Chinese Foreign Minister Li Zhaoxing and Prime Minister Shinzo Abe agreed Friday to cooperate closely in their efforts to have North Korea denuclearize as part of the six-party process.
Li, who arrived Thursday in Tokyo for a three-day visit, met with Abe for 45 minutes.
Abe stressed during the meeting the importance of resolving the issue of Japanese abducted to North Korea in the 1970s and 1980s, the Foreign Ministry said in a statement. In response, Li said Beijing “completely understands” Japan’s position on the abduction issue and would offer as much assistance as it could to help Japan, the ministry said Abe also told Li he hopes the planned visit by Chinese Prime Minister Wen Jiabao will be an opportunity to show to the world a new quest to build a “strategic reciprocal relationship,” the Foreign Ministry said.
Abe visited Beijing shortly after becoming prime minister in September, a trip that started an improvement in ties between the two nations.
Bilateral relations had been strained when Abe’s predecessor, Junichiro Koizumi, was in office, due in large part to his annual visits to the contentious Yasukuni Shrine.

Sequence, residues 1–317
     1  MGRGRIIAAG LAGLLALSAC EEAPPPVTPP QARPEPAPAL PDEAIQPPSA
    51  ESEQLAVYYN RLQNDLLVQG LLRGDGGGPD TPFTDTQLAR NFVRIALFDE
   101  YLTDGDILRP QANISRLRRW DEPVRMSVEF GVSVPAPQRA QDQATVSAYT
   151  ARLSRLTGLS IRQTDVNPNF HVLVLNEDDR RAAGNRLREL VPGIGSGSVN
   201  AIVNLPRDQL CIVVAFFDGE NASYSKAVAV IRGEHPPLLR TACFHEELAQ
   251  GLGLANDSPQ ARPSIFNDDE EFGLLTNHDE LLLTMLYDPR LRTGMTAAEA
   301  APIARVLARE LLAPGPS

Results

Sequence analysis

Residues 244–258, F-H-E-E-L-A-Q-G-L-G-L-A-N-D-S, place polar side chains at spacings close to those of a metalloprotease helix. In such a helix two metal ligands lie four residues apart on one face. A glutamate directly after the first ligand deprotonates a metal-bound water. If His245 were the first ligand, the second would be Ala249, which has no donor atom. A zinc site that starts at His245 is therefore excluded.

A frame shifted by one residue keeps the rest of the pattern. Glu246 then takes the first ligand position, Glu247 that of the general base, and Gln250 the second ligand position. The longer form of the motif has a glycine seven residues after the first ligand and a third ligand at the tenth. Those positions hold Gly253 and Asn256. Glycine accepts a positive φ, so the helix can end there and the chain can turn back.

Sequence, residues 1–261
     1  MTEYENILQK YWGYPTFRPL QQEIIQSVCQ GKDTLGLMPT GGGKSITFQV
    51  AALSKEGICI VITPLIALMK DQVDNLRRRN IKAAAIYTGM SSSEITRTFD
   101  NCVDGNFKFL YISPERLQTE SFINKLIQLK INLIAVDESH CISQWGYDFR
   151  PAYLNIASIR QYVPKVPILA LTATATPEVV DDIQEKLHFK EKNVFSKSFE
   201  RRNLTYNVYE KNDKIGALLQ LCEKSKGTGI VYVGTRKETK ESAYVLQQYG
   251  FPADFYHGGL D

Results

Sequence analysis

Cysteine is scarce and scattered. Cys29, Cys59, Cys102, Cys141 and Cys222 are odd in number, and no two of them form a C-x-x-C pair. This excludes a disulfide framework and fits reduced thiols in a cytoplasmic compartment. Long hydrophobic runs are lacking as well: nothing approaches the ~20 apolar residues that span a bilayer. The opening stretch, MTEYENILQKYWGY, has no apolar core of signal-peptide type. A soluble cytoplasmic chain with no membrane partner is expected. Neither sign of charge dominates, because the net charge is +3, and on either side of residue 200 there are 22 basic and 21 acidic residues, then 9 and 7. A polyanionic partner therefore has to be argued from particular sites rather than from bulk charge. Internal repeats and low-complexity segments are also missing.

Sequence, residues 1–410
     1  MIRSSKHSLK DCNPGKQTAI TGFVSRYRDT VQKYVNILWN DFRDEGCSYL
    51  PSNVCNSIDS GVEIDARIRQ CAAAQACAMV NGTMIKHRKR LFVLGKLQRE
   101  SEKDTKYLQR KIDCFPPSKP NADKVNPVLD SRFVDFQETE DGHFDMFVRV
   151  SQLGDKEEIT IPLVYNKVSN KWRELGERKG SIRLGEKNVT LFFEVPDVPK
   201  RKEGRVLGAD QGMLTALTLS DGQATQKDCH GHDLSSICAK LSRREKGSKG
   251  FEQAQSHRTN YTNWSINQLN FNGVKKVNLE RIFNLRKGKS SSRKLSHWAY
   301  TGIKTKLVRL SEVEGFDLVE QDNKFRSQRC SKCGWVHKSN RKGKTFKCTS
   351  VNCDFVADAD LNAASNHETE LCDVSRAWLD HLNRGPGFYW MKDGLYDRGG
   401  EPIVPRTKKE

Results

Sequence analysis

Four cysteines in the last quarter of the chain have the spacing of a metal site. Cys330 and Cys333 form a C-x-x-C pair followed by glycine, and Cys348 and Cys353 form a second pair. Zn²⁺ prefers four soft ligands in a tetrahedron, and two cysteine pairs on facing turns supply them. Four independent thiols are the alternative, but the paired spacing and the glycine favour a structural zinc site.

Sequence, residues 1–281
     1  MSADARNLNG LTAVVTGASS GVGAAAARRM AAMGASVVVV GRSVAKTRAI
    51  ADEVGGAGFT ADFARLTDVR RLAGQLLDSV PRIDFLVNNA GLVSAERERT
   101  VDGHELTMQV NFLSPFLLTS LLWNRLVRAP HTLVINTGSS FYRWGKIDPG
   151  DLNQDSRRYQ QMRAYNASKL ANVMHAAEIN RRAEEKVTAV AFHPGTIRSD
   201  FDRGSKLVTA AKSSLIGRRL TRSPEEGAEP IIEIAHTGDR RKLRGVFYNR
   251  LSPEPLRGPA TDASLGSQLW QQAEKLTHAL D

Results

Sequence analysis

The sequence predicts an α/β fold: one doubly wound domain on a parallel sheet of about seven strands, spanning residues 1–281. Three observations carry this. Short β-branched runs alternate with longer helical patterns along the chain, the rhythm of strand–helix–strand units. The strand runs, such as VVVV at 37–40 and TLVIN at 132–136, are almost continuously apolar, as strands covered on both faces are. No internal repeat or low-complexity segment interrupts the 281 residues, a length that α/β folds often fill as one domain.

Li later met with Foreign Minister Taro Aso and told him this is a sensitive year. 2007 is the 70th anniversary of the Marco Polo Bridge Incident, which triggered the Sino-Japanese War, a point Li made at a gathering of Japan-China friendship groups earlier in the day.
Li did not mention any specific history issues, including the contentious Yasukuni Shrine, in the meeting, according to a Japanese official. However, he did say the two countries should try to maintain “the current environment” surrounding history issues between China and Japan, the official said.
Li also expressed concern over reports that Japan and the U.S. plan to cooperate militarily to deal with any crisis in the Taiwan Strait, according to the official.